3.6 / Review

Inside us all there is a part that would like to burn down our own house

By Bean Gilsdorf December 7, 2011

The title of Geof Oppenheimer’s solo exhibition at Ratio 3 creates an expectation of the artist’s engagement with self-conflicting, hidden compulsions. In fact, the show’s prints, sculptures, and video address the confluence of political verbiage, violence, and the hollowness of nationalism with varying degrees of success. The three groups of works support one another by providing context; the prints and sculptures in the main room, for example, gain much when viewed with the video’s soundtrack playing in the background. But when each group of works is viewed individually, it sometimes falls short of Oppenheimer’s stated intention to interrogate “the ways in which political and social structures are encoded in images and objects.”1

Inside us all there is a part that would like to burn down our own house, 2011; installation view. Courtesy of the Artist and Ratio 3, San Francisco.

On the walls of the main space are the five black-and-white pigment prints of Social Failure and Black Signs (2010). In each photo, a smooth, graceful hand holds up a black card with white text. The phrases on the cards are forceful but opaque. “TOLERATED, AS UNFORTUNATE EXCESSES,” reads one card, while another asserts, “EVERYTHING, BUT IT’S NOT ENOUGH.” These phrases are quotes from interviews with various political figures from Castro to Reagan discussing their ideological failures. The form of the black card, its position aloft, and the text’s implied meanings all work together to position the prints as documentations of protest. Yet the force of demonstration is contradicted by the gentle, elegant grip on the cleanly printed card. Whatever raw energy the words conjure for the redress of grievances is dampened by the poise and domestication of the materials and composition.

In the center of the floor are Modern Ensembles (2010–11), three colorful sculptures made of gunpowder, blackpowder, and smoke dyes detonated inside transparent ballistic plexiglass boxes. Each flawlessly constructed cube is fairly large—around twenty inches in every dimension—and mounted on a footed aluminum base set atop a white pedestal. When Oppenheimer and a former Disney pyrotechnician ignited the volatile chemicals enclosed in the boxes, residue from the discharged powders coated the inside of the plexiglass with soft pink, orange, blue, mauve, and brown splatters. The hues of the exploded materials blend into one another to make lightly marbled patterns across the interior surface of the box, punctuated by small bursts of sharper colors such as yellow and black. The work avoids many common clichés of art that explores conflict (particularly the tendency toward maudlin gestures), but the sweetly attractive colors and immaculate construction contradict the forcefulness of true violence, which often has ugly, ill-defined parameters. The scale and tidiness of Modern Ensembles mimic vitrines—devices for civilized viewing. That reference turns their interior chaos into a spectator’s version of violence, a signifier both produced and witnessed from a privileged, and even academic, remove.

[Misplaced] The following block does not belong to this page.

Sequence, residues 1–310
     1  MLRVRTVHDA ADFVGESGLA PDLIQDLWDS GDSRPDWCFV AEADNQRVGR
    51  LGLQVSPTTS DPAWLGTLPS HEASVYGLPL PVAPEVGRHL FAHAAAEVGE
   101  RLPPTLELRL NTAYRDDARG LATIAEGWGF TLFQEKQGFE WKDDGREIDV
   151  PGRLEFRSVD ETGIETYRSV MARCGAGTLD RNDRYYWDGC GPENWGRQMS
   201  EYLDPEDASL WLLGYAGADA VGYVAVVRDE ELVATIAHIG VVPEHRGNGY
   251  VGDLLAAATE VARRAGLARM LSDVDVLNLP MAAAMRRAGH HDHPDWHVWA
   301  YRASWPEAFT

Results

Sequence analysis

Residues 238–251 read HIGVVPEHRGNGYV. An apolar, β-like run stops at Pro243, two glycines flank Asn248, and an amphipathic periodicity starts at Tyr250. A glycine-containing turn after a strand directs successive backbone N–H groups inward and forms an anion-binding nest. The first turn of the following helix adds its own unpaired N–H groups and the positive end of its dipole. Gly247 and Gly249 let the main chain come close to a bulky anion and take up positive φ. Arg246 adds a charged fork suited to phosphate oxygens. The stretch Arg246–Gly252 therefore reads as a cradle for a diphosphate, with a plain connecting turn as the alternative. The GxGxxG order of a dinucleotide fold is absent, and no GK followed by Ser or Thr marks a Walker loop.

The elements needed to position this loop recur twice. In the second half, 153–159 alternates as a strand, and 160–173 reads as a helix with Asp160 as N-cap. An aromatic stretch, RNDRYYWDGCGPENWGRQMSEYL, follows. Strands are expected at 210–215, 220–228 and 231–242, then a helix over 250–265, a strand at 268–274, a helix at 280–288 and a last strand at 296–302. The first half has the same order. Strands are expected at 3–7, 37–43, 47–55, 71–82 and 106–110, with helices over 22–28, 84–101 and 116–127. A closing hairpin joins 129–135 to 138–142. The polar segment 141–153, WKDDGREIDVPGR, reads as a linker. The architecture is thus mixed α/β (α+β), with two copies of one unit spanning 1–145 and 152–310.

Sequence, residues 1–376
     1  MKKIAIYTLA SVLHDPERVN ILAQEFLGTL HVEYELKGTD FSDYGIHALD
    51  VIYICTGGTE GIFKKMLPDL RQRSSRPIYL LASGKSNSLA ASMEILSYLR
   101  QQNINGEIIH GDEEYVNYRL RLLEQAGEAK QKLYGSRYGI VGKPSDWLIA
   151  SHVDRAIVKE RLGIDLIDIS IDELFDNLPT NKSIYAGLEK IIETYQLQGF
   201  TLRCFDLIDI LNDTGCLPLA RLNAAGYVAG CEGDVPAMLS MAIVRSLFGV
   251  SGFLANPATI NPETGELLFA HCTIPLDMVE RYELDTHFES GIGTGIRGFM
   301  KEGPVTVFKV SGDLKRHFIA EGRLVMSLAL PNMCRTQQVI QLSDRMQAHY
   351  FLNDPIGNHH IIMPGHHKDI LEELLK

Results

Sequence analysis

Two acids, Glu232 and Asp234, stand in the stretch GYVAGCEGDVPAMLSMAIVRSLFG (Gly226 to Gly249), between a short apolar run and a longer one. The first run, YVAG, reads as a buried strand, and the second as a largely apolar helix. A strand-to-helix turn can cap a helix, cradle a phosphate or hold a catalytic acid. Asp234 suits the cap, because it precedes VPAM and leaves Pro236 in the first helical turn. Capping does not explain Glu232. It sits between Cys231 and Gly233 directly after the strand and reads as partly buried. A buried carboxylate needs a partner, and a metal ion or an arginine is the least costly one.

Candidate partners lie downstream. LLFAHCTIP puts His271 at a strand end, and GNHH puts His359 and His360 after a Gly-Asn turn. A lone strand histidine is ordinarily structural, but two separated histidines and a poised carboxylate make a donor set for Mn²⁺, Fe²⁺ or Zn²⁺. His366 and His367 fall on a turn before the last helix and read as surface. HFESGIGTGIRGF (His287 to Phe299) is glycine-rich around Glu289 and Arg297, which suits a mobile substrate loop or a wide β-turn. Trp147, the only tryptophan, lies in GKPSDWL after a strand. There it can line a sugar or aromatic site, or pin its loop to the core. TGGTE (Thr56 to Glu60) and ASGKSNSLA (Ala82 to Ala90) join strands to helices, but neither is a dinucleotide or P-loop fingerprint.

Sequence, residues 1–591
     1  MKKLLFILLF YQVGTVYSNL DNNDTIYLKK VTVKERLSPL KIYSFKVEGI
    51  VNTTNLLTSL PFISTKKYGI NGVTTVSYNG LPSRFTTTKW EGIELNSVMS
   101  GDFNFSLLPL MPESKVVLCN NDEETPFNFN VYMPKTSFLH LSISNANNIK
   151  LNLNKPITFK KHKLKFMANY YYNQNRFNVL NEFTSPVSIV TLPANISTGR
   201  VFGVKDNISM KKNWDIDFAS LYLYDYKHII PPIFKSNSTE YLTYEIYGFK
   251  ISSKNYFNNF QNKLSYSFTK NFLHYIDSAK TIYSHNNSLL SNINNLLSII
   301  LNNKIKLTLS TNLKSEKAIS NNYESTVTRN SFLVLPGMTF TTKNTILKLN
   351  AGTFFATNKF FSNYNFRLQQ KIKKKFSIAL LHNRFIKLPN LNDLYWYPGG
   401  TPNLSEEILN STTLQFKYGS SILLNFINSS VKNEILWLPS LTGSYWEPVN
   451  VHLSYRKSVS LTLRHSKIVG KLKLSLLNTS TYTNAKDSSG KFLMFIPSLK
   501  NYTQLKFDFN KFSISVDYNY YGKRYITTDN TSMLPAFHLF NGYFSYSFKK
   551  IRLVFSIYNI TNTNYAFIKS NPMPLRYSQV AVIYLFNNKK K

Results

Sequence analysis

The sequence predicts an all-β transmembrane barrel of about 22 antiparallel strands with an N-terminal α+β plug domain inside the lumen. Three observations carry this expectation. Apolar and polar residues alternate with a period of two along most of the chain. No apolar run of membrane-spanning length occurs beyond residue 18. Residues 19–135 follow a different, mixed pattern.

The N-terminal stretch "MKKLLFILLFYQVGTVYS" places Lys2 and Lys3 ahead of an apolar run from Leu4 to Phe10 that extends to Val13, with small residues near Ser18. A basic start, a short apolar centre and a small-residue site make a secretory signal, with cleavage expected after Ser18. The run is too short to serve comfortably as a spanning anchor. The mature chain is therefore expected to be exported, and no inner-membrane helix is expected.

Anthems, 2011; high-definition video; TRT:4:40. Courtesy of the Artist and Ratio 3, San Francisco.

The video in the back room isn’t marred by such reserved mannerliness. Anthems (2011) is a four-minute HD video of actors portraying a military marching band, interspersed with shots of a stark, minimal stage, and a soundtrack of four different national anthems. Most of the footage is of young men in khaki uniforms, marching in small formations across frames that are edited in transparent layers. They come and go across the screen, simultaneously walking toward and away from viewers. The shots are filmed from different angles, which results in a mildly dizzying effect when coupled with the multiplicity of actors in the overlaid frames. The musicians are only miming their roles, however: as they raise trumpets and horns to their faces, the mouthpieces barely touch their lips and their cheeks fail to inflate with air. Viewers can hear crashing cymbals, but never see them onscreen. There is a gap between what the music proposes and what the visuals portray, and it is precisely this space that Anthems invites viewers to contemplate. Dark shots of a minimal stage set that is composed of a propped door and a pair of three-step plywood staircases heighten the slippage. Sometimes the stairs are stacked, with interlocking treads and risers that create a precarious whole leading neither up nor down. The shots of the stage set work well with the exaggerated portrayal of lockstep nationalism, amplifying the video’s focus on theatricality and spectatorship. Eventually the music builds to a crashing, blaring crescendo that breaks into silence, while the video whites out into blankness before the credits roll.

In each of the three parts of the exhibition, Oppenheimer brings an idea into conjunction with its opposite: strong political statements by men softened by clean, feminine articulation; the violence of explosions counteracted by pleasurable swirls of color encased in immaculate chambers; the chest-thumping pride of a national anthem mocked with a theater set and blurred into incoherence. But it is only in the last that the drama of the presentation fully meets the weighty concept behind it. Though Oppenheimer is able to provoke the viewer with the title of the show, it’s clear that the part of us that would like to burn down our own house is a more anarchic creature than the one proposed here.


Inside us all there is a part that would like to burn down our own house is on view at Ratio 3, in San Francisco, through December 10, 2011.


  1. From the press release, Ratio 3, 2011.

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